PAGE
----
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A Comparison between a Human Milk Analyser and Established Laboratory Methods for Measurement of Human Milk Macronutrient Content

Presented as a poster at the Neonatal Society 2013 Summer Meeting.

Cooper A1, Dorrian C2, Barr M2

1 Neonatal Intensive Care Unit, Royal Hospital for Sick Children, Glasgow, UK
2 Department of Clinical Biochemistry, Royal Hospital for Sick Children, Glasgow, UK

Background: The nutrient content of mother’s own milk is known to be variable which poses difficulties in the context of feeding pre term and sick infants. Use of a human milk analyser (Miris AB, Sweden) as an aid to ‘tailored’ fortification of human milk has been proposed by several authors (1,2). The aim of this study was to compare the Miris Human Milk Analyser (HMA) with established laboratory methods used to measure macronutrient content.

Methods: 40 samples of donor expressed human milk were obtained within the regional donor milk bank. Each sample was analysed using the HMA to obtain macronutrient values for fat, protein, lactose and calculated energy content. In the laboratory, the Lowry method was used to measure milk protein. The Abbott Architect Analyser was used to measure milk fat. Lactose content was derived from a modification of the method used by Kuhn & Lowenstein combined with automated analysis. As with the HMA, energy values were calculated.

Results: Measurements for fat and lactose showed excellent correlation between the two methods with correlation coefficients of 0.97 and 0.96 respectively. Lactose measured by the HMA was slightly lower than by the laboratory method (mean difference = -0.3g/dL). One sample produced markedly discrepant results for lactose by the two methods and so was excluded from the correlation analysis. Fat measured by the HMA was slightly higher than the laboratory method (mean difference = +0.12g/dL). Protein measurements showed a slightly poorer correlation (r20.85), with the HMA producing slightly lower results than the laboratory method (mean difference -0.31g/dL). For calculated energy, correlation coefficient was 0.92. In this study interassay coefficient of variance (%CV) for the HMA was, 8.1% for protein, 2.0% for fat, 1.8% for lactose and 1.7% for calculated energy content (n=7).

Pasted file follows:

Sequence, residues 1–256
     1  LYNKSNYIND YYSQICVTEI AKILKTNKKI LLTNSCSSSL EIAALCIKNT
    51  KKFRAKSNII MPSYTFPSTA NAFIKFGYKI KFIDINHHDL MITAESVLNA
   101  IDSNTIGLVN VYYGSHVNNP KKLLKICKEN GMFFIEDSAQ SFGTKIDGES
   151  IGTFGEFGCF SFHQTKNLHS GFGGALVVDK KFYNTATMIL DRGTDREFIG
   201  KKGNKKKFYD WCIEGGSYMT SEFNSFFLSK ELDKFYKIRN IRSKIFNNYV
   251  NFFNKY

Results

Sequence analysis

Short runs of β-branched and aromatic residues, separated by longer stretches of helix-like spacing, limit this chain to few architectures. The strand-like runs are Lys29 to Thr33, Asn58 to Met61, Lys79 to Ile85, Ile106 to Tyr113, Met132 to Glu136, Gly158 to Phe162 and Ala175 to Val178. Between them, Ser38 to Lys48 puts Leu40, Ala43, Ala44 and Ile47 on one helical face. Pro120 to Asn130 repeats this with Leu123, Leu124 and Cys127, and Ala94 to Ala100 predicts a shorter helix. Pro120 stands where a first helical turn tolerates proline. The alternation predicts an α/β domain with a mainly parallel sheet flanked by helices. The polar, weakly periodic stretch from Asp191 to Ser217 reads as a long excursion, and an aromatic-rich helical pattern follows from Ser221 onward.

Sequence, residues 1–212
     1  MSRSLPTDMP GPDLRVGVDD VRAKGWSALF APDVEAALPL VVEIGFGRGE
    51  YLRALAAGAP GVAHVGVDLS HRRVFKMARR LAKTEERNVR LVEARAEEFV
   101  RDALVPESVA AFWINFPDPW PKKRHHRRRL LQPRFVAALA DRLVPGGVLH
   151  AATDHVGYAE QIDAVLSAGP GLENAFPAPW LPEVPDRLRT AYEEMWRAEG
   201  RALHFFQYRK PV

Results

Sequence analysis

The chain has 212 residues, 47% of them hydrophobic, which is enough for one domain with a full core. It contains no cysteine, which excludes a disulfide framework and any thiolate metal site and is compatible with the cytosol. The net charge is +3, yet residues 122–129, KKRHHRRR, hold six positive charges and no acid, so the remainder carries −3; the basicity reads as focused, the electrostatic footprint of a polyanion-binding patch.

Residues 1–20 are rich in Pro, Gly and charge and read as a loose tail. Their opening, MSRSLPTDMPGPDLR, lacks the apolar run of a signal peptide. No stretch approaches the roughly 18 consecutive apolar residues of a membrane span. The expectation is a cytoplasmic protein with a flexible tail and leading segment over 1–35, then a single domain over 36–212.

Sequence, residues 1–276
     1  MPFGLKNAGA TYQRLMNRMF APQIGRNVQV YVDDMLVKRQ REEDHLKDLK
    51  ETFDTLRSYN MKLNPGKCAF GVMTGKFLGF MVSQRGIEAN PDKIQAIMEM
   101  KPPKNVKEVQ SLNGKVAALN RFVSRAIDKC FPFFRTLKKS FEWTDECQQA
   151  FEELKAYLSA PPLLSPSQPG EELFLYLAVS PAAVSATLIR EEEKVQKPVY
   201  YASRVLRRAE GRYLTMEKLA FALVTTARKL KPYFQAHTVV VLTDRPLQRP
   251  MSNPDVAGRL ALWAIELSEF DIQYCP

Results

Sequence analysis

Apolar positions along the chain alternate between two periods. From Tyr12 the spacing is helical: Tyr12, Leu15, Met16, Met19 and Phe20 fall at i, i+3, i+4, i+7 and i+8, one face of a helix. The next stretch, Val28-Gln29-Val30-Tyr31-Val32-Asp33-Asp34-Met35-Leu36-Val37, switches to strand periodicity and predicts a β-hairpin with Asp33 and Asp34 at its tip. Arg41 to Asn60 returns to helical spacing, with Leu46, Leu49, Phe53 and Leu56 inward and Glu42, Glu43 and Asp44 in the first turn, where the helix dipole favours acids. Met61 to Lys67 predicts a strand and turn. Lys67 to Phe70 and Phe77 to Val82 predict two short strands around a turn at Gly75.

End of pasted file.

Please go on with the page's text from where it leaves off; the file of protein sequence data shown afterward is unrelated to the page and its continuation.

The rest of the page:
Conclusion: The results show a good agreement between the Miris HMA and the standard laboratory methods for all macronutrient parameters. This makes the HMA a desirable option for rapid assessment of milk nutrient content in the clinical environment. The potential impact on neonatal nutrition must be further explored.

Corresponding author: andrewcooper1@nhs.net

1. Casadio Y et al. Evaluation of a Mid-Infrared Analyser for the Determination of the Macronutrient Composition of Human Milk. J Hum Lact. (2010) 26(4) 376-83
2. Menjo A et al. Bedside Analysis of Human Milk for Adjustable Nutrition Strategy. Acta Paed (2009) 98, 380-84

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